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STAR TREK DEEP SPACE NINE is set on a space station orbiting the planet Bajor. Commander Benjamin Sisko (Brooks) is in charge of a diverse crew who must fight off rival alien species who want to control DS9 because of its strategic position close to a wormhole that allows speedy travel to the far reaches of space. Season 4 includes the episodes "Broken Link" and "The Visitor," which TV Guide included in its Top 35 Star Trek episodes ever story (Aapril 20-26, 2002). "The Visitor" was listed as the #4 favorite.
The fourth series of Deep Space Nine can be summed up in one word: Klingons! The show's producers apparently felt beset from all sides. Babylon 5 was a huge hit, as was Star Trek: Voyager, the flagship of new channel UPN. Stepping up DS9's action quotient seemed to be the answer. Time would tell, however, whether doing so via Trek's tried-and-tested former bad guys was the best solution. Opening with a special two-hour extravaganza, the new year was immediately unfamiliar. Dennis McCarthy's original theme--despite winning an Emmy--had been deemed too subdued. As its upbeat new rendition kicked off, the station was seen in battle and swarming with activity. Moments later, we met old/new crewmember Worf, whose sudden appearance was the result of a brewing invasive strategy by the Klingons. This initiated the first of many loyalty shifts, as the Cardassians became the victims. With plenty of re-appearances by Gowron, Kor, and Kurn, it was clear that an ongoing space opera was being crafted. Dukat revealed a tragedy-ridden daughter; Odo's relationship with his people (and Kira) became increasingly melancholy; and even the Jem'Hadar foot soldiers were given a sympathetic angle by their drug addiction.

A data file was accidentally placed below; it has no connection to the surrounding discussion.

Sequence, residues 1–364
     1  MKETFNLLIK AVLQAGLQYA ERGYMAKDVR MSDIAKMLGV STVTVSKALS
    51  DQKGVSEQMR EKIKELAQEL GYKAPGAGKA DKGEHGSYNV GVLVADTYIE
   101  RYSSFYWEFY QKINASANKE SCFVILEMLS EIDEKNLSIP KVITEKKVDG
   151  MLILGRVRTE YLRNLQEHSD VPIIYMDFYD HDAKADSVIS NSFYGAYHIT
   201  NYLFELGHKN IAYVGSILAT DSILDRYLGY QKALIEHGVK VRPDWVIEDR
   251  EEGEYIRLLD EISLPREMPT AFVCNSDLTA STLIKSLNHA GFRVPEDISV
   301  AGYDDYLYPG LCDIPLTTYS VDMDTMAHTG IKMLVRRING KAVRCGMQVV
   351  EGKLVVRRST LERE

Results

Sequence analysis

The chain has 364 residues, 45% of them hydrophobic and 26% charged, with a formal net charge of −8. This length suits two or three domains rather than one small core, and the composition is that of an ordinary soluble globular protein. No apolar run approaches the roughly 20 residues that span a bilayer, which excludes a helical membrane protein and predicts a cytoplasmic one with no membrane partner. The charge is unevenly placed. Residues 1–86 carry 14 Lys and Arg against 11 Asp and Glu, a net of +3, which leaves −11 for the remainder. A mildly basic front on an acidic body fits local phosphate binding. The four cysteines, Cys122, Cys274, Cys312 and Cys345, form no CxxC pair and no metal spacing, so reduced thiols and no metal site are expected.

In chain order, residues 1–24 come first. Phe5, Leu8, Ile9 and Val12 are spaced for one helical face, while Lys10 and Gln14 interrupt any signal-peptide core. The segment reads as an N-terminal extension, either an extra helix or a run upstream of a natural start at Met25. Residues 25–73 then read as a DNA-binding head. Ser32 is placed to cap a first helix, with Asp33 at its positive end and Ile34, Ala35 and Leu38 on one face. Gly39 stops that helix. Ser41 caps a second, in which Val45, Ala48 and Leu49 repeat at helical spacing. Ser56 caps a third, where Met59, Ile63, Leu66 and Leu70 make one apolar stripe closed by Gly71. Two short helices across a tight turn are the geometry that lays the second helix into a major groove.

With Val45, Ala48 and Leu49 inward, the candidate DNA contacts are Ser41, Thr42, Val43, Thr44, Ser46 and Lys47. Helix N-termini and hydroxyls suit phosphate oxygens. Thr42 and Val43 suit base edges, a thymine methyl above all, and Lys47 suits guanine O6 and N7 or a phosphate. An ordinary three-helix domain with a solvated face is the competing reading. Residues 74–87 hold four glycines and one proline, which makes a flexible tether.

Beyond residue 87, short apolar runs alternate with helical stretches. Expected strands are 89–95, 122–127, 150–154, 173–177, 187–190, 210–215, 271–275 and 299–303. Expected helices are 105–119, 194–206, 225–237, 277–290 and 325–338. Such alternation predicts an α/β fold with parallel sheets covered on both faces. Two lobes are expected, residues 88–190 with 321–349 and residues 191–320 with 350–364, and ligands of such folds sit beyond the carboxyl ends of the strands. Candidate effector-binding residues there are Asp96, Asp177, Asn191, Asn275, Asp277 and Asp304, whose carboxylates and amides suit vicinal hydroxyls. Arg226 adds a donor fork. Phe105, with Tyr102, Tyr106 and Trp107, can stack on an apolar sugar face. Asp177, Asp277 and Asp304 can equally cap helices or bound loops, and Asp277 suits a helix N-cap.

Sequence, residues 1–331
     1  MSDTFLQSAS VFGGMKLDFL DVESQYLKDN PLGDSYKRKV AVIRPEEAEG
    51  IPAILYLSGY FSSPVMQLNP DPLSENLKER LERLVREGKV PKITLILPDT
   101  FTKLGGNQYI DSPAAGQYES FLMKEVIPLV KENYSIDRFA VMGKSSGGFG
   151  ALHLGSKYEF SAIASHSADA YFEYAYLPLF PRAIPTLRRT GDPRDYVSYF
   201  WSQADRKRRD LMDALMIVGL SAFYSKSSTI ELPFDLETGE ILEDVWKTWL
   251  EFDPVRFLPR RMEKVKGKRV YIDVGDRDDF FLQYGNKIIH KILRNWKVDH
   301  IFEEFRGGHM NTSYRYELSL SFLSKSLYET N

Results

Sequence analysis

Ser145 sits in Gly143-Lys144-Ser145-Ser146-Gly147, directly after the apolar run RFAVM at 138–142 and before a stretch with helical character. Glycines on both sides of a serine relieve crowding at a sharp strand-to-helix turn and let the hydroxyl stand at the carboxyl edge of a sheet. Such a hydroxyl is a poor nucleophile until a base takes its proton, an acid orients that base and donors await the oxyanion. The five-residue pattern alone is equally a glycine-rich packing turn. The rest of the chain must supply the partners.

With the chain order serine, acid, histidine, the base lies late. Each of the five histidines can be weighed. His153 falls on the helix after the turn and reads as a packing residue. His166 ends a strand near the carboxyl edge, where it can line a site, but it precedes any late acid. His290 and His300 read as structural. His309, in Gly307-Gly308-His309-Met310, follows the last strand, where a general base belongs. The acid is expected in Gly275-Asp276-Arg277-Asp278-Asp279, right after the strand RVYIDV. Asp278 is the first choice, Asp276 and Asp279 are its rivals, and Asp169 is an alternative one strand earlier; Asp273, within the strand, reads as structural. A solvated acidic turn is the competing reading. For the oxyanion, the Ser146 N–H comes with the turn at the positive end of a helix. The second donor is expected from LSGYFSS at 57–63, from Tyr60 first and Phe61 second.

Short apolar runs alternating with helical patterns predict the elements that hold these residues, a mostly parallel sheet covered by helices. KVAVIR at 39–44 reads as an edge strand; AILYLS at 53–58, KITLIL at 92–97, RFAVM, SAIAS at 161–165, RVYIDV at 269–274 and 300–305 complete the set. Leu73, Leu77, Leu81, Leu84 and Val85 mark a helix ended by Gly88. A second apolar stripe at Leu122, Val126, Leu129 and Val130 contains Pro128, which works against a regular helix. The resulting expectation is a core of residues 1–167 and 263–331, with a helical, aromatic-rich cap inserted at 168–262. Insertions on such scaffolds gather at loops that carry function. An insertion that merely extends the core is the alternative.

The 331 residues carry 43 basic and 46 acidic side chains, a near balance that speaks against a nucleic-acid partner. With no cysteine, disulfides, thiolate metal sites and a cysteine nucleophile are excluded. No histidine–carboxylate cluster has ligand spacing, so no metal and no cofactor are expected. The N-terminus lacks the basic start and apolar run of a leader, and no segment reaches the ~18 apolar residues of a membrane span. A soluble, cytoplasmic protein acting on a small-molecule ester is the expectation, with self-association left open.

Adding to the layers of ambiguity about Earth's (read: the producers') position over being at war, was the "outing" of two recurring characters as rebel activists. Lest we forget the homely/spiritual side of the Captain, time was spent with a future version of Jake, with his father (Brock Peters), and on the nature of his role as "the Emissary." Avery Brooks worked behind the camera a couple of times, but this year the surprise was LeVar Burton directing five shows. There was still time for comedy: the Ferengi warped back to Roswell in 1947 and Bashir played James Bond. But the year will be remembered predominately for its violence. One of the episodes Burton directed had its fight scenes drastically cut, while the series as a whole won an Emmy for its space battle effects.--Paul TonksSee all Editorial Reviews
Love this show and this series. The entire premise around the space station, the religious element with the wormhole and the profits, Sisko as the emissary, I could go on and on. Read morePublished 27 days ago by Mark E. Wilson
I am not a fan of Deep Space Nine, I don't think it has good characters or believable races. People seem to play too much even in the face of war, they also don't train enough. Read morePublished 1 month ago by Ron at Mizzou
DS9 is, to me, highly underrated by many ST fans. I happen to like it very much, and in Season 4, as Worf transitions into the cast, quite good.Published 1 month ago by R. Lay